Home / Uncategorized / La Mothe-Chandeniers – the chateau now with 7,400 owners | World News

La Mothe-Chandeniers – the chateau now with 7,400 owners | World News

Over 7,400 complete strangers from around the world have come together to buy a historic French castle to save it from ruin or be ravaged by developers.

In what organizers say is the first such project in the world, a crowdfunding appeal raised more than € 500,000 in just 40 days to buy the 13th-century Chateau de la Mothe-Chandeniers in the west country.

The thousands of co-owners who each paid a minimum of € 50 expect to restore the building at least in part from its former glory and open it to the public.

Each donor will be offered shares in a company created early next year to administer the castle for an additional 1 euro for every € 50 donated; As co-owners, they will have a voice in their development and will have the opportunity to be among its first visitors.

La Mothe-Chandeniers, in Les Trois-Moutiers in the Poitou-Charentes region, about 320 km. Southwest of Paris, it has an air of fairytale with its turrets and moat, but has never been officially classified as a historic building.

Its oldest parts were built at the beginning of the 13th century by its owners, the Bauçay family. It was taken twice by the English in the Middle Ages and was plundered during the French Revolution. In 1809, it was bought by a wealthy Parisian businessman, François Hennecart, who restored the building and planted a vineyard on the grounds, but retained much of the original medieval building.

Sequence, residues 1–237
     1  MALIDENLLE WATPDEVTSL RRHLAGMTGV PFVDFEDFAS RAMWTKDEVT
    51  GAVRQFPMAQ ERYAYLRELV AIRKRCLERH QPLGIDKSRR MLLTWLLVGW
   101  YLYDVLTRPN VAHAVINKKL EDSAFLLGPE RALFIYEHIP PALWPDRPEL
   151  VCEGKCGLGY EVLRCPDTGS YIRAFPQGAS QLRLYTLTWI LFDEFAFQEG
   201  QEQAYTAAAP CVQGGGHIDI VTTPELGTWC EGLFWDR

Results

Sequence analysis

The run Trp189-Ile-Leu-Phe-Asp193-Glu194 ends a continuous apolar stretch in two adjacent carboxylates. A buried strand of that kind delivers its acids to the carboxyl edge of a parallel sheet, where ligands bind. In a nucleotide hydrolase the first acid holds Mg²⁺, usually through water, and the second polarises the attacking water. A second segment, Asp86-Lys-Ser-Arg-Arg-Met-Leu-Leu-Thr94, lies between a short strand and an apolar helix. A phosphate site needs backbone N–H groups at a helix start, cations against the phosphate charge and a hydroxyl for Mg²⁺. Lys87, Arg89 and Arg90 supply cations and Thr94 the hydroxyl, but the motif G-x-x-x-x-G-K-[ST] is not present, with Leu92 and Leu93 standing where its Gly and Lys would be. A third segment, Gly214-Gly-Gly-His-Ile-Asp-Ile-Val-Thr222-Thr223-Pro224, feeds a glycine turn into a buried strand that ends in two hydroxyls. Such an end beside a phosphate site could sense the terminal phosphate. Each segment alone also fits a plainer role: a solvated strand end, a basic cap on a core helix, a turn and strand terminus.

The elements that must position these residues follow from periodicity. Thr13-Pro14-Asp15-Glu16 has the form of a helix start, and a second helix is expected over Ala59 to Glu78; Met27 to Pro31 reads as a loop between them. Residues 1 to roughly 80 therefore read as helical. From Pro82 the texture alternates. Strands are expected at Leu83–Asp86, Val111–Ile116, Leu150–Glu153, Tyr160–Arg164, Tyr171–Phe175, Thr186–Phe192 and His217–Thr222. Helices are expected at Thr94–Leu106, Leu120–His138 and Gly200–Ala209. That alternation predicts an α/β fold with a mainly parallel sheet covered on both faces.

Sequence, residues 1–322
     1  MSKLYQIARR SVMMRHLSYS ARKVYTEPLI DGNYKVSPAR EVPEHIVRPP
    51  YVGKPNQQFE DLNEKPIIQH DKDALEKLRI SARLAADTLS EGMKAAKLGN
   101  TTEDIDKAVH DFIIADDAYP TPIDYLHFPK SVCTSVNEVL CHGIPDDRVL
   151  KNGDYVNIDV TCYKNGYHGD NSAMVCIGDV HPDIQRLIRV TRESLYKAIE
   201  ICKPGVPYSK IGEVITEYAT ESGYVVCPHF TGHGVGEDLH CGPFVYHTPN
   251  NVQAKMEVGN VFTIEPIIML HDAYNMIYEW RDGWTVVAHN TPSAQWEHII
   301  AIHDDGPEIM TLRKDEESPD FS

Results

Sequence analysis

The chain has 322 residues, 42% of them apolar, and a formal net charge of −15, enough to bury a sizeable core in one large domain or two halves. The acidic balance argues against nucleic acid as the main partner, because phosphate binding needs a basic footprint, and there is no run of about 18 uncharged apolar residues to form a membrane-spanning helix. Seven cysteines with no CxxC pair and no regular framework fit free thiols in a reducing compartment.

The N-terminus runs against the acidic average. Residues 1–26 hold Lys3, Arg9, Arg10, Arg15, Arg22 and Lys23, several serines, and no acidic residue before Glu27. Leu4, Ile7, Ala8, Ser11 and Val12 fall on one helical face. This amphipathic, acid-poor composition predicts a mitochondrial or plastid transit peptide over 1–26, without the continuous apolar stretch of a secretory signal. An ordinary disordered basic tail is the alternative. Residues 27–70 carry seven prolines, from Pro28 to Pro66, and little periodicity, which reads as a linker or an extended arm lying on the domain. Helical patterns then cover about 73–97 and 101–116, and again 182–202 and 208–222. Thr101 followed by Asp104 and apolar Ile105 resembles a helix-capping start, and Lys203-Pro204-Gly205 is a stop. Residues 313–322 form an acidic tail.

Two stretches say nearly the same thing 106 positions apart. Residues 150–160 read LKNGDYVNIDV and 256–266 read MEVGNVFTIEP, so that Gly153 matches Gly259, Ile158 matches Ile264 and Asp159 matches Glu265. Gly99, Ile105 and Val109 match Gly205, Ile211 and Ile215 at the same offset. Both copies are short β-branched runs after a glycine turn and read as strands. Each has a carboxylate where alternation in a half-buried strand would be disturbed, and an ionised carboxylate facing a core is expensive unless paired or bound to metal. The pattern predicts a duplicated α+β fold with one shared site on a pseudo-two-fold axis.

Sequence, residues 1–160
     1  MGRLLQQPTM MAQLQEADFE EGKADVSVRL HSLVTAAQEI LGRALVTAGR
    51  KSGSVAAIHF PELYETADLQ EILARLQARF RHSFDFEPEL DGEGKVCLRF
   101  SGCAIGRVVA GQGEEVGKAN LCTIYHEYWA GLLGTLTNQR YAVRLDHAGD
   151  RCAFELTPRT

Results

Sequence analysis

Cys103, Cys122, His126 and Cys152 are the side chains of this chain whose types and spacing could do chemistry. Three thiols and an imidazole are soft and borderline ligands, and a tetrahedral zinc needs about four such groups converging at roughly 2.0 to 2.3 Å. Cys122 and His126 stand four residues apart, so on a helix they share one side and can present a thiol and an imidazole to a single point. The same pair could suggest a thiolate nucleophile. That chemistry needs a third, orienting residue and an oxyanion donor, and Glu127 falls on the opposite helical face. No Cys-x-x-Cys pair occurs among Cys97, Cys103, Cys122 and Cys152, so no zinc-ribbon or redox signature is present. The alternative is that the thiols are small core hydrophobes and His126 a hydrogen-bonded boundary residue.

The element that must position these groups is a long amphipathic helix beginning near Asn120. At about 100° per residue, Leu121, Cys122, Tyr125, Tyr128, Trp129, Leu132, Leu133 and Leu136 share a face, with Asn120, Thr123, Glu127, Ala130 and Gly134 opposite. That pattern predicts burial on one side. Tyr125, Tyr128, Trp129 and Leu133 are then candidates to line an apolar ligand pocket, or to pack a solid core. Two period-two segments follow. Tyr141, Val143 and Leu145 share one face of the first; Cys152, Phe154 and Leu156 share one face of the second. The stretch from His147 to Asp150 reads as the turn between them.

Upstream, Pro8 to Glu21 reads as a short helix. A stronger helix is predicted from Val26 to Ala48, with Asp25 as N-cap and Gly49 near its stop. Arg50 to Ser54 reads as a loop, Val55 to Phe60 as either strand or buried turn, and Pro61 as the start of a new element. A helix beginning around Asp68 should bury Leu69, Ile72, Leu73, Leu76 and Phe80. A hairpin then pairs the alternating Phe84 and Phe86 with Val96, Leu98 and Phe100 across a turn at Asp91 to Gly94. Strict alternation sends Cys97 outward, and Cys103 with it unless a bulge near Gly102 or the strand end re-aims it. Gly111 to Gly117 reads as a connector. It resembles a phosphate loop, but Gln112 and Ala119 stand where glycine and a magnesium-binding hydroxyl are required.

Over the years, the property passed to several descendants, and was inhabited by Baron Edgard Lejeune, who undertook a massive reconstruction in 1870 in a romantic style, and launched luxurious parties at the castle.

  La Mothe-Chandeniers in Les Trois-Moutiers, France.

La Mothe-Chandeniers in Les Trois-Moutiers. Photography: Guillaume Souvant / AFP / Getty Images

In 1932, shortly after the central heating was installed, the fire destroyed the building, destroying most of its contents, including a complete library of rare books, antique furniture, tapestries and priceless paintings. The firefighters of the region fought to extinguish the fire, but they could only save the chapel, dependencies and a tower of pigeons. The damage was estimated at several million francs at that time.

In 1963, a retired businessman, Jules Cavroy, bought the 2,000-hectare estate, including 1,200 hectares of forest, before being acquired in 1981 by a former high school math teacher, Marc Deyemer. Deyemer said he could not stop the gradual decay of the imposing building despite his best efforts. Since then, nature has taken over, with vegetation coming out of stone windows, turrets and balconies.

"I bought the castle 32 years ago, committing suicide for two years trying to save it with preservation work, but I got sick when my projects were torpedoed by certain people, I am tempted to declare it a ruin so that it can be destroyed "Deyemer said five years ago.

Instead, locals moved to save the castle with the help of a private company, Dartagnans, which specializes in raising money to save historic buildings, and the Adopt a Château association.

The founder of Dartagnans, Romain Delaume, said that the crowdfunding project had captured the imagination around the world and donations kept coming.

"The idea is not only to raise money, but to get as many people as possible to participate in the saving of this magical fairytale place," Delaume told The Guardian. "The more, the better."

Anyone interested in becoming a co-owner of the chateau has 20 days to make a donation. Another € 500,000 is needed for the essential work to make the building safe. The property will be supervised by an executive committee that will consult a general assembly of co-owners to make decisions.

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